Right now, he keeps good company in the Los Angeles recording studios, playing backup guitar and mandolin with the likes of Disney superstars the Jonas Brothers, Selena Gomez and Demi Lovoto.
Owsley is no stranger to laying down sessions with A-list recording artists. He's backed up and maintained relationships with country music stars Amy Grant, Vince Gill and Shania Twain, all while finding time to record critically acclaimed solo work for a major label.
But he worked his butt to get there — in his eyes, luck didn't factor. He sacrificed everything, including his style of life. This guy sold his soul to rock 'n' roll when he was a 15-year-old boy growing up in Anniston. He said he doesn't know how to do anything else.
"There ain't no luck involved," he said. "I practiced till my freaking fingers bled and (I) begged to play for free."
Many years ago, Owsley played as many clubs as he could find in Calhoun County and the surrounding area, including places likes the Peerless Saloon and Whistle Stop in Anniston, Brother's Bar in Jacksonville, the Copper Penny in Oxford and fraternity parties scattered throughout the Southeast.
Things changed when he moved to Nashville on the blunt advice from a musician friend. One night an entertainment attorney who walked into a bar where Owsley was playing. After hearing his self-produced album, the attorney begged Owsley to let him help him get signed to a label. After countless practice sessions and regional gigs, Owsley signed with Warner Bros. and recorded his first full-length album.
For his current gig as a backup recording session musician, Owsley said a producer contacted him via Facebook and told him he loved his solo records — the Grammy-nominated Owsley and The Hard Way — and offered him some work.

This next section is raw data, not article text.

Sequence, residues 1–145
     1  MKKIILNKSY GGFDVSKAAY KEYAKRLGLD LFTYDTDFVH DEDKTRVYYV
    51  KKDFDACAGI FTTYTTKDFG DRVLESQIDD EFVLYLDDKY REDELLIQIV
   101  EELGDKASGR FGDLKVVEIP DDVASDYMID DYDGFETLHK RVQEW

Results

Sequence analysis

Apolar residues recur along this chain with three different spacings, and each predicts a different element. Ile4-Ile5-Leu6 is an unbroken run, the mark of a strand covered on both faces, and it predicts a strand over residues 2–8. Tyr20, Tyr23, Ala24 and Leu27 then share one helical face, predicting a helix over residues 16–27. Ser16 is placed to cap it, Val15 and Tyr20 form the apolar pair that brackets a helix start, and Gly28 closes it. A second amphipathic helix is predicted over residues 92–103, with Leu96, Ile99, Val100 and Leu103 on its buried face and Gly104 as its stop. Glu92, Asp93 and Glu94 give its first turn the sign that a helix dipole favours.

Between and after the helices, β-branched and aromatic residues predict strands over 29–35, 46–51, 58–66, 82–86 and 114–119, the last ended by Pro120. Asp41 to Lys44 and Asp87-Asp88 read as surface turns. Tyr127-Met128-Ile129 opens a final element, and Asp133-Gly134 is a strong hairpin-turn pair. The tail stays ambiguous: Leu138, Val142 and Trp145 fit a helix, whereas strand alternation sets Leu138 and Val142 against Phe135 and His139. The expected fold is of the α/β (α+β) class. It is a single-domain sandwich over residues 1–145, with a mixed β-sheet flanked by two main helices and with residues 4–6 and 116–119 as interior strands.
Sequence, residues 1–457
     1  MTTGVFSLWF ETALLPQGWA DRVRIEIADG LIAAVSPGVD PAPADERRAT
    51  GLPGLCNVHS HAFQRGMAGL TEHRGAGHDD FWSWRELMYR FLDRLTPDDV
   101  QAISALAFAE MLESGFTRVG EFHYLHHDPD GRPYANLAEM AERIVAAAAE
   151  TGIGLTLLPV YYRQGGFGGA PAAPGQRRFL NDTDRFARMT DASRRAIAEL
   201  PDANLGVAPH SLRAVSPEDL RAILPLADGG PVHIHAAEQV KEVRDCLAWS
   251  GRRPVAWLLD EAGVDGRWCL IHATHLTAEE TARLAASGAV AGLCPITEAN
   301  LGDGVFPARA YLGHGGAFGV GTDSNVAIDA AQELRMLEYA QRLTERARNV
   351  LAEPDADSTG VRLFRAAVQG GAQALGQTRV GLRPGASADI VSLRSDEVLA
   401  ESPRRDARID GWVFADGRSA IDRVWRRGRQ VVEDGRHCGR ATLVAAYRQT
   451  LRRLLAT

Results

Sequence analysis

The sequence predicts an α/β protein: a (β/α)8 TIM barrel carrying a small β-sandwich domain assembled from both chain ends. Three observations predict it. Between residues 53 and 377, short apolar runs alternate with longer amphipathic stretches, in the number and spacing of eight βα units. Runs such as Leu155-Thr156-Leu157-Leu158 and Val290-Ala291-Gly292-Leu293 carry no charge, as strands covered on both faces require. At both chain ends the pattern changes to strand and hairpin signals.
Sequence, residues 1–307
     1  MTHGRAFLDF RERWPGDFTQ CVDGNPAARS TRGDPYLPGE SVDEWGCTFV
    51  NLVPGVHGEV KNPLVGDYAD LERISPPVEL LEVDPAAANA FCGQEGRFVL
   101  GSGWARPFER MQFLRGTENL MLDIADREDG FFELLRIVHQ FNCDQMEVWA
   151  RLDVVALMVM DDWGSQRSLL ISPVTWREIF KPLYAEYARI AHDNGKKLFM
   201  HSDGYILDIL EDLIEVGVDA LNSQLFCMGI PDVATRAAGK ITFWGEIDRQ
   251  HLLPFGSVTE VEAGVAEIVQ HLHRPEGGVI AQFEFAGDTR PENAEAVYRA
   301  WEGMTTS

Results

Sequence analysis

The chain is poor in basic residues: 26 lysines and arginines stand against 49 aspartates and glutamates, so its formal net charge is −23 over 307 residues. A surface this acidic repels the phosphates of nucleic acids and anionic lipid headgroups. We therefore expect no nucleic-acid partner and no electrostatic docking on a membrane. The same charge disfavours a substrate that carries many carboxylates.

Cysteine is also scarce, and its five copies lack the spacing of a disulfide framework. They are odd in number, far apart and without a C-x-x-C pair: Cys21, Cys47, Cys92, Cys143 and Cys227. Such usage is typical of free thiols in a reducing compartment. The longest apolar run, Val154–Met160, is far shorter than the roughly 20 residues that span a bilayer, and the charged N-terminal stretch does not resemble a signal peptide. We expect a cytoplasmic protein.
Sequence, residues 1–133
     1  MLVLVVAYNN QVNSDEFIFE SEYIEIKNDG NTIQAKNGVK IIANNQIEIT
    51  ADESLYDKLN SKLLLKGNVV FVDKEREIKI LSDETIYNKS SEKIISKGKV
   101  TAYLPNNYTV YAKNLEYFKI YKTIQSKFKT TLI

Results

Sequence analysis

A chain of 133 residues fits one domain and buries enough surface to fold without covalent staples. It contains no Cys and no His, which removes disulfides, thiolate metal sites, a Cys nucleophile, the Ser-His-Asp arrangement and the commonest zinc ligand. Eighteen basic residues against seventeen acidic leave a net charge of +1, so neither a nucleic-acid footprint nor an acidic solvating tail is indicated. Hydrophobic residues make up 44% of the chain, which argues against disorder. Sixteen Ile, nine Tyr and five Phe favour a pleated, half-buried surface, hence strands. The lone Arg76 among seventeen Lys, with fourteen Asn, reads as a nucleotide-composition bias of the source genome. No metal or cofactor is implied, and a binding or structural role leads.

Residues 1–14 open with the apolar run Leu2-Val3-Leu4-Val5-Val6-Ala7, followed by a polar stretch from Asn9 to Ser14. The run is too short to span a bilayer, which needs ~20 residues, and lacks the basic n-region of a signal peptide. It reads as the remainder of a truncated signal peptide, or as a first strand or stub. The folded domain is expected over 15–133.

In the long term, Owsley wants to produce others' albums, expressing a deep passion and need to teach budding musicians the lessons he learned.
"That's what washed up rock stars are," he said. "It's what guys like me do, studio rats. I'm 43. They're not going pay me to shake my a** on MTV."
To young musicians looking to break out in rock 'n' roll, he has a brutal but fair message they may or may not want to hear.
"If you're not going to get in a van and drive across the country and eat peanut butter sandwiches, then you're yesterday's news," he said, harkening back to his years as a struggling, but eager, amateur musician. "I would tell young bands to get their live shows together. That's the one thing they can't take from them. That's the only thing left."
Owsley does not want his hometown to misinterpret his desire to stay put out west or in another city that's kinder to folks trying to make a real living in the music industry. With stern conviction, he professes his love to the area that made him the man he is today, but he reiterates that he has kids to feed.
"I ain't coming back. No offense. Not until I'm dead," he said. "This is a style of life. This is a commitment I made at 10 years old. This dream is going to go on, whether I'm producing, singing, writing, playing or engineering. I'm going to be creative somehow.
"Maybe I'll be a teacher or something. Maybe I'll start the school of rock."
What really drives Owsley are his two young boys, also musicians. His 7-year-old drums and his 11-year-old understands recording computer software better than Owsley, and even finds him jamming with the amps turned up loud when he returns from a day's work.
"It's hard to feed kids," Owsley stressed, opining about the status of the struggling music industry that he said did not take the Internet age and illegal downloading seriously enough.
But he presses on anyway, spending hours in the studio, often playing well past the sun's setting and rising for one session. As an artist, he continues to grow and learn about the craft that brought him into a studio with such high profile acts.
Owsley toured with Grant, Judson Spence and Twain while also working closely in the studio with his other major artists, including Michael McDonald, Faith Hill and Charlotte Church.
"How many kids can say their dad played with the Jonas Brothers?" he said.
The Disney trio's latest album Lines, Vines, and Trying Times debuted at No. 1 on the Billboard charts and currently holds that same spot. Owsley is currently recording Christmas music with Gomez and Lovoto, but he does not know if those songs will be featured on the same release.